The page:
Winter radishes have been a surprise treat in this season’s kitchen garden, just the colorful boost these darker months need.  Back in April, in her weekly Washington Post gardening column, Barbara Damrosch wrote about these large storage radishes, specifically her favorite Beauty Heart, and advised waiting until late summer to plant them.  I took her advice and I’m glad I did. On August 23rd I planted a ten-foot row of a winter storage variety called Red Meat, similar to Beauty Heart but not so appealingly named, thinned seedlings to four inches apart a few weeks later, and we’ve been enjoying them since November.

Radishes watermelon on board

Familiar, quick-growing spring radishes are typically red on the outside, white on the inside and smaller than a golf ball while slower-growing winter storage radishes like Red Meat and Beauty Heart are white to light green on the outside, dark pink/red on the inside and often as big or bigger than a tennis ball.  Their unexpectedly gorgeous red centers explain their other common name: watermelon radish.  Like spring radishes, winter storage radishes are deliciously crisp but Red Meat is milder than a spicy spring radish, tasting almost sweet.  Winter storage radishes also hold much longer in the kitchen garden than spring radishes do.  Mulched, they survived December temperatures in the low teens and those remaining in the row are still fine.  I’ve also kept some in the refrigerator for a few weeks at a time and they’ve stayed firm and tasty as well.

The Kitazawa Seed Company describes one of their watermelon radish varieties as “the most popular variety grown in the middle and northern parts of China,” adding that “because of their color, they are the perfect radishes to carve into flower shapes as garnish.” I haven’t done any radish carving but we’ve certainly enjoyed the dramatic color and crisp, mild spiciness of these winter radishes in salads.  And I’ve been experimenting with other ways to eat them.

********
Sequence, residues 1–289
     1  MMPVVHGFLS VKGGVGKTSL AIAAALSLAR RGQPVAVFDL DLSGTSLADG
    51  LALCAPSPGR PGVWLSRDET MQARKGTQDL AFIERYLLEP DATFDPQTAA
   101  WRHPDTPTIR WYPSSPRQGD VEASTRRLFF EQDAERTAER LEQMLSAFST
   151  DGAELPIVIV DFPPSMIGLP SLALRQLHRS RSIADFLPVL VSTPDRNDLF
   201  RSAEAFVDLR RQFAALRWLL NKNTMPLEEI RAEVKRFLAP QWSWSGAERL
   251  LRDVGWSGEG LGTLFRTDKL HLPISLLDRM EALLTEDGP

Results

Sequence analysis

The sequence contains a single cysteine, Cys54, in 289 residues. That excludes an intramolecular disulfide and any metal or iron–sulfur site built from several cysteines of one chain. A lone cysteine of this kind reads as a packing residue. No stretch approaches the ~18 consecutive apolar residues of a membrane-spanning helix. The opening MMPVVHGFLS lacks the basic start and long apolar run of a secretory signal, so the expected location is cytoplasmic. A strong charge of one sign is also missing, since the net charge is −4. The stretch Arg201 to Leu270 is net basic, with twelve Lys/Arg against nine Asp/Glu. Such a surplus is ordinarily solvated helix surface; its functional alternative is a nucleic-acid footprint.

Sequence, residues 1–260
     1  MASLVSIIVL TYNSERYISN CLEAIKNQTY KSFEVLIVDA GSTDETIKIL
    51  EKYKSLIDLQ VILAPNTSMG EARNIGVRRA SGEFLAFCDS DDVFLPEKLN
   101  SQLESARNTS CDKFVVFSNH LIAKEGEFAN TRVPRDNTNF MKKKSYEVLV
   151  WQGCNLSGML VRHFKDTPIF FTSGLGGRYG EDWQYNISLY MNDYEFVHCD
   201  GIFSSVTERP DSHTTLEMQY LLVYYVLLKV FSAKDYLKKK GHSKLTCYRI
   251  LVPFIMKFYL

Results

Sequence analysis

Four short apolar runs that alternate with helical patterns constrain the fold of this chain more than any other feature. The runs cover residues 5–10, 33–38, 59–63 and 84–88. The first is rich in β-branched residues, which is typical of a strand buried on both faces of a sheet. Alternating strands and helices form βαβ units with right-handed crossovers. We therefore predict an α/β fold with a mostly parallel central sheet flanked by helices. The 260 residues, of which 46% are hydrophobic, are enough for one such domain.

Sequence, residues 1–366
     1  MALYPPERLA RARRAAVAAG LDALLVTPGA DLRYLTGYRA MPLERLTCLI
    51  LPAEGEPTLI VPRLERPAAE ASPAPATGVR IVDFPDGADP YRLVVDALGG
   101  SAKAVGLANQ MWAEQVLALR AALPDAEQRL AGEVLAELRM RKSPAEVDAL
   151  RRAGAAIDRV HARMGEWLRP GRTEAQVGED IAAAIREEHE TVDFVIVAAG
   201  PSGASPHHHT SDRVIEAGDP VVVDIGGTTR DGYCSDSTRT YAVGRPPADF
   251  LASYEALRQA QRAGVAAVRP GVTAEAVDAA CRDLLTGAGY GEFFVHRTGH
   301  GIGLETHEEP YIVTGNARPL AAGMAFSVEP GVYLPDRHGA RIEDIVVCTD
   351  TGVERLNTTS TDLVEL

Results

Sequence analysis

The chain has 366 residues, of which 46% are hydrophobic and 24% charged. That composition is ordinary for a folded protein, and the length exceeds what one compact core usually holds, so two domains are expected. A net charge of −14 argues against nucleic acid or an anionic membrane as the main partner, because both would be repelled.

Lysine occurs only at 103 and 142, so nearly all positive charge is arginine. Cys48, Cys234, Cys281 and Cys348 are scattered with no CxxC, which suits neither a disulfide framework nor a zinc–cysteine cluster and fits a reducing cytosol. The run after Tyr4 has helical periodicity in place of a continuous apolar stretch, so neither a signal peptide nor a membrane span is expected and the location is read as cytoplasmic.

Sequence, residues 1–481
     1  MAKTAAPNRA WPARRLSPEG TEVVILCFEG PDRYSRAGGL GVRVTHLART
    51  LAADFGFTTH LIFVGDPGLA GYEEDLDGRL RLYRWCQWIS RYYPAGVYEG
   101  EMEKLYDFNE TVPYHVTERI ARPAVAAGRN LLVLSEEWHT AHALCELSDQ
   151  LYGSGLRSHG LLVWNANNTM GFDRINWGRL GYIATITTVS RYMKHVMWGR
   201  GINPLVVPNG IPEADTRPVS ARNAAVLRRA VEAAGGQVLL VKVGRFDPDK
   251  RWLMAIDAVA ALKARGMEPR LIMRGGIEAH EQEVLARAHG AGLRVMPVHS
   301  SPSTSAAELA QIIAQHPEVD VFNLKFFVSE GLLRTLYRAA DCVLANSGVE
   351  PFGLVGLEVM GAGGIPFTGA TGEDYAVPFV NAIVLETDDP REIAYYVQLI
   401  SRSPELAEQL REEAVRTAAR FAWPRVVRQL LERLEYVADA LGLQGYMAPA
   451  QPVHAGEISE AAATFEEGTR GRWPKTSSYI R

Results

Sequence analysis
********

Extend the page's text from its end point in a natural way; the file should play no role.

Radish salad w: dressing

Radish grilled in salad

A few weeks ago, I cut a several into chunks and roasted them along with some other winter roots.  Their color faded a bit but they added a lovely mild turnip flavor to the mix of stronger-flavored roots.  The other night, inspired by a recipe for grilled spring radishes, I sliced a large Red Meat radish into quarter-inch rounds and Scott grilled them along with some pork chops.  The slightly charred edges and smoky radish flavor were wonderful.  This technique is definitely one to try again, perhaps with the rosemary brown butter dipping sauce from this recipe.  Red Meat radishes are also pretty additions to appetizer plates, cut either in rounds or strips.  And for lunch, thin slices of these big radishes are delicious with hazelnut butter on whole wheat bread.

Radish sandwich

I have enough seeds of Red Meat for the coming year but to expand my winter radish options I’ve ordered seeds of Green Meat and Round Black Spanish.  According to the Fedco catalog descriptions, Green Meat has a “distinct green-apple flavor” and Round Black Spanish has “extremely pungent white flesh.”  When I run out of Red Meat seeds, I’ll order Misato Rose, another Fedco offering “also known as Chinese Red Heart radish, described in its native land as xin li mei, meaning ‘in one’s heart beautiful.’” I can imagine a winter radish tasting next year, maybe followed by a mixed radish salad.  And more cooking experiments, like pickling.  In the meantime, we’ll enjoy the remaining winter radishes. I just wish I’d planted a longer row.

Mâche for Winter Salads

Mache close up rowMâche is the star salad green of this January’s kitchen garden.  Its dark green rosettes, rising only a few inches above the mulched rows, still look lush and vigorous after the freezing temperatures, snows, rains and winds that have left kale, arugula and mustard looking pretty ragged.  These other hardy greens will send out tasty new growth in the weeks ahead, but until they do I’m grateful for mâche and its nutty flavor, succulent texture and rich green color.  Alone as a simple salad or tossed with roasted vegetables, raw julienned celery root, apples, nuts or goat cheese, it’s my favorite winter salad green.